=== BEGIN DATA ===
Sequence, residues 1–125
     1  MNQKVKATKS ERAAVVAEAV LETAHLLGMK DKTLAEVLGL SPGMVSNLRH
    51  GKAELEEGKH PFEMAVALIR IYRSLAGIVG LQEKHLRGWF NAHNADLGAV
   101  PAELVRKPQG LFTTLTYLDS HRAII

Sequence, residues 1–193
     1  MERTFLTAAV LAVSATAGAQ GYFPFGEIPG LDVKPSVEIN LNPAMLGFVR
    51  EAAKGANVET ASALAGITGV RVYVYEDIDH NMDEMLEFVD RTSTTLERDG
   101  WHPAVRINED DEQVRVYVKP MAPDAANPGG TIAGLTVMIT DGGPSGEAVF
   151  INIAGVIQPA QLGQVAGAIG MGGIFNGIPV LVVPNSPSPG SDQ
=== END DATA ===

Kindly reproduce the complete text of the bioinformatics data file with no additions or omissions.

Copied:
Sequence, residues 1–125
     1  MNQKVKATKS ERAAVVAEAV LETAHLLGMK DKTLAEVLGL SPGMVSNLRH
    51  GKAELEEGKH PFEMAVALIR IYRSLAGIVG LQEKHLRGWF NAHNADLGAV
   101  PAELVRKPQG LFTTLTYLDS HRAII

Sequence, residues 1–193
     1  MERTFLTAAV LAVSATAGAQ GYFPFGEIPG LDVKPSVEIN LNPAMLGFVR
    51  EAAKGANVET ASALAGITGV RVYVYEDIDH NMDEMLEFVD RTSTTLERDG
   101  WHPAVRINED DEQVRVYVKP MAPDAANPGG TIAGLTVMIT DGGPSGEAVF
   151  INIAGVIQPA QLGQVAGAIG MGGIFNGIPV LVVPNSPSPG SDQ